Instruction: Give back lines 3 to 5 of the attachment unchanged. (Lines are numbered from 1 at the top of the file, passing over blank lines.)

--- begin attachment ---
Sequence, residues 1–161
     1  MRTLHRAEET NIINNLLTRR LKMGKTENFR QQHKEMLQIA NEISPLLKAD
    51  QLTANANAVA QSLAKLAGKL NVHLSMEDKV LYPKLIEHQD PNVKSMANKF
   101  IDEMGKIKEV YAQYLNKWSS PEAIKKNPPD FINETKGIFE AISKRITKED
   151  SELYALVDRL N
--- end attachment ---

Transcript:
    51  QLTANANAVA QSLAKLAGKL NVHLSMEDKV LYPKLIEHQD PNVKSMANKF
   101  IDEMGKIKEV YAQYLNKWSS PEAIKKNPPD FINETKGIFE AISKRITKED
   151  SELYALVDRL N